The founder of Friedman & Co., an antique repair and restoration service, Friedman has been working with metal since he was 17. Trained in the apprentice style in southeastern Wisconsin, he began making his living repairing musical instruments. But when his clients urged him to expand his business further, Friedman discovered the world of antiques.

“I found this work much more interesting and stimulating,” said Friedman, who runs a store in Beverly Hills and a plating facility in North Hollywood. “Musical instrument work, although it’s very rewarding, can be somewhat repetitive, because once you’ve overhauled a clarinet and you’ve overhauled 1,000 clarinets, a clarinet is still a clarinet.”

Friedman prefers antiques because each one tells a story. He often sees pieces that have been passed down through generations or have sentimental or historical significance.

“I remember repairing a tray once that was buried before or during World War II,” Friedman said. “Jews often buried their possessions so that they would not be confiscated. When the owners dug up the tray after the war there was a pick ax hole through the middle of the tray, which they brought to me all these years later to repair.”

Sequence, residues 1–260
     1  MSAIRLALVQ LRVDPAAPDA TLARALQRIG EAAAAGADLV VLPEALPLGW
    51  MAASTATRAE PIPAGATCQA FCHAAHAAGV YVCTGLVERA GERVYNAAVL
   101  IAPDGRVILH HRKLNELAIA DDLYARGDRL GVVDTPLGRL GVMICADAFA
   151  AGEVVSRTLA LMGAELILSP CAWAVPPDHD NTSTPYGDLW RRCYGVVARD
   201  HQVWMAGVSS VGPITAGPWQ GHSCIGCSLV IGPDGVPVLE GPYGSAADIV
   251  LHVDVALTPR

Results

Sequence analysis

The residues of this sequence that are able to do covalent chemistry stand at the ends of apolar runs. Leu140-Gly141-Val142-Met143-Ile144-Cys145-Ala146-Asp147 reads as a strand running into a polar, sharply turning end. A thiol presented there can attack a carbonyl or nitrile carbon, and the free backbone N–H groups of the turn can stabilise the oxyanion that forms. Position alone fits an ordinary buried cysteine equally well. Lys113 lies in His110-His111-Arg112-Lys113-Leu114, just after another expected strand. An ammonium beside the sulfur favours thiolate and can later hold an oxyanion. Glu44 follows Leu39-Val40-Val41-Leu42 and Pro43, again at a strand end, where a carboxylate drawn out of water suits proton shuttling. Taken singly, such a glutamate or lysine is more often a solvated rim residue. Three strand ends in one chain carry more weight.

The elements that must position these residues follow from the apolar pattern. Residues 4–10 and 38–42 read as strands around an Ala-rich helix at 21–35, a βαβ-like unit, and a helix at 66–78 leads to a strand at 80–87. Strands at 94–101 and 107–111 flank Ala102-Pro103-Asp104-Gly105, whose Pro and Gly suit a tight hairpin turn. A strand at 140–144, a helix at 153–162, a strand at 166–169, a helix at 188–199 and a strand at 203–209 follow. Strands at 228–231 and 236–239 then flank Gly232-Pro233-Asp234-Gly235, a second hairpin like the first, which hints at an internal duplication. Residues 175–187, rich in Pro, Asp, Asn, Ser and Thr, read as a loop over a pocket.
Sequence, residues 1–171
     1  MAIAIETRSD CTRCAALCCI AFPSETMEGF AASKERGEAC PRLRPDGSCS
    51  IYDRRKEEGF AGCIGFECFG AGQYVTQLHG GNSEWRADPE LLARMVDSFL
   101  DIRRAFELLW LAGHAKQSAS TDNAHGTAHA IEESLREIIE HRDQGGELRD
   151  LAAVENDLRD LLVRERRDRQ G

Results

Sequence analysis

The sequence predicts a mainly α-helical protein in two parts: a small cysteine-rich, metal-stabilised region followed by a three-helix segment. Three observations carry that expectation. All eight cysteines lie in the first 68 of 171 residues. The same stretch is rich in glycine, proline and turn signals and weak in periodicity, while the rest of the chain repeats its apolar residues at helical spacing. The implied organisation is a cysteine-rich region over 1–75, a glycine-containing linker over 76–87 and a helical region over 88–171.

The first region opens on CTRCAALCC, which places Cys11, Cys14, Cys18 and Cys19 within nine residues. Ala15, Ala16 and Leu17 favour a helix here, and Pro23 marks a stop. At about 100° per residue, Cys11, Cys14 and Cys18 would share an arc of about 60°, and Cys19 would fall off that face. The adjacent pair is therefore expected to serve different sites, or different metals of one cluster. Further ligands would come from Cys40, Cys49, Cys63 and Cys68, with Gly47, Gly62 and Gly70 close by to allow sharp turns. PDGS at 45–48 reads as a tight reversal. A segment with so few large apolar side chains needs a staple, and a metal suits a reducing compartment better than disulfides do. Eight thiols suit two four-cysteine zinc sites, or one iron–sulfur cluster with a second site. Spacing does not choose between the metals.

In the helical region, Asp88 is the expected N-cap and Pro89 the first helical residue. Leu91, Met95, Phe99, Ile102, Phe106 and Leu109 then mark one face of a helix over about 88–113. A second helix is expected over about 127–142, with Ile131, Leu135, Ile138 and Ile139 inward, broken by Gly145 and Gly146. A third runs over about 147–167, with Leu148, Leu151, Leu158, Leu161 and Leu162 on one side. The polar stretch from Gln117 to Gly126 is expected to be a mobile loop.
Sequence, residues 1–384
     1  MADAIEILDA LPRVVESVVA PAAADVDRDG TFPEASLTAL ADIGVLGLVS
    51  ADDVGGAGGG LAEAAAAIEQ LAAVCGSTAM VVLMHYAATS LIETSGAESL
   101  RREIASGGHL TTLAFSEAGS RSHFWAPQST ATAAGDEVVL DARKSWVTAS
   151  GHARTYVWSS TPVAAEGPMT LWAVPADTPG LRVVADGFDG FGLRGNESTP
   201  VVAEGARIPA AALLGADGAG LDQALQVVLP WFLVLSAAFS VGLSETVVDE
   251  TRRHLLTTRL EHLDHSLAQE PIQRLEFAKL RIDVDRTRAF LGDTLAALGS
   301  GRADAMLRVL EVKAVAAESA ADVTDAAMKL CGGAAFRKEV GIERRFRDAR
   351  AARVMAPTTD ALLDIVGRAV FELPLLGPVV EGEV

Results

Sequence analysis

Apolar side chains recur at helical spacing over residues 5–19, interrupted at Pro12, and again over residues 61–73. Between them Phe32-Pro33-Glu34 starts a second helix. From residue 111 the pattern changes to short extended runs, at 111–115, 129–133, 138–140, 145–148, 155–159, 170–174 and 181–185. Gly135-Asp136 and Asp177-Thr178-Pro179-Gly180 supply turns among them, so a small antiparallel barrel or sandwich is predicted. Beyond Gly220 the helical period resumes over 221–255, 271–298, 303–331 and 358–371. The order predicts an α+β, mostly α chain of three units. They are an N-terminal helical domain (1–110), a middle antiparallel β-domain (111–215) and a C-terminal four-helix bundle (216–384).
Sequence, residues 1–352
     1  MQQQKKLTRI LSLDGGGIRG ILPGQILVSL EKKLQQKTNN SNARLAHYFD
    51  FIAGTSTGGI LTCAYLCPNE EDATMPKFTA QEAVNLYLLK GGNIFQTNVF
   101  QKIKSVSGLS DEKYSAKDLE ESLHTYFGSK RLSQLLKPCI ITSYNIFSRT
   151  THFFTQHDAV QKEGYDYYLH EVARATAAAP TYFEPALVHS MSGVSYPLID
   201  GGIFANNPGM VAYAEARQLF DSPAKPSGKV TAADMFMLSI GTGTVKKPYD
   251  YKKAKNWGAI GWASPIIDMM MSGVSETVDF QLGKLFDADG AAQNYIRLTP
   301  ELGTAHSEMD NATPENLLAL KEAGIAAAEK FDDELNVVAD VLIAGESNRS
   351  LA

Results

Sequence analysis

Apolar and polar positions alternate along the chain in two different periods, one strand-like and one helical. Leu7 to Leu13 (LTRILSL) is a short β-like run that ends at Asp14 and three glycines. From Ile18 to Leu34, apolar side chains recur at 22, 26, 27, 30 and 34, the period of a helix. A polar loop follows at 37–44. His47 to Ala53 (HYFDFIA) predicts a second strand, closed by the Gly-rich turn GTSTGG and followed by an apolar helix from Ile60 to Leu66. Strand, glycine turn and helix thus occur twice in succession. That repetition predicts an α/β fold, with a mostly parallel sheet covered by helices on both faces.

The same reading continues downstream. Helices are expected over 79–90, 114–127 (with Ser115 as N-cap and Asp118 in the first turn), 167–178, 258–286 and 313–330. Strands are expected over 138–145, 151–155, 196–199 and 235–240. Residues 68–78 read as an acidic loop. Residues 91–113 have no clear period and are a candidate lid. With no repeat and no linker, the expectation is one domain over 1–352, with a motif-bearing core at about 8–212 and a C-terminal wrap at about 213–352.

While Friedman often hears such stories because much of his clientele is Jewish, he insists that those who use his services are as diverse as the art itself.

“Silversmithing is an ancient art and there were Jews that were silversmiths. It’s part of Jewish life and Jewish history, but silversmithing covers the entire spectrum of humanity and it’s associated with all religions … our door is open and welcome to anybody to come here. Whoever comes to our counter we treat them with respect and try and help them.”

Shanghai Shuls 2nd Wind

Shanghai resident Seth Kaplan got tired of celebrating the High Holy days in rented hotel spaces while the city’s oldest intact synagogue sat empty, deteriorating just a few miles away.

So along with others in his congregation of expatriates, Kaplan, 34, began advocating for the restoration of Ohel Rachel, which the Chinese Communists had turned into a warehouse.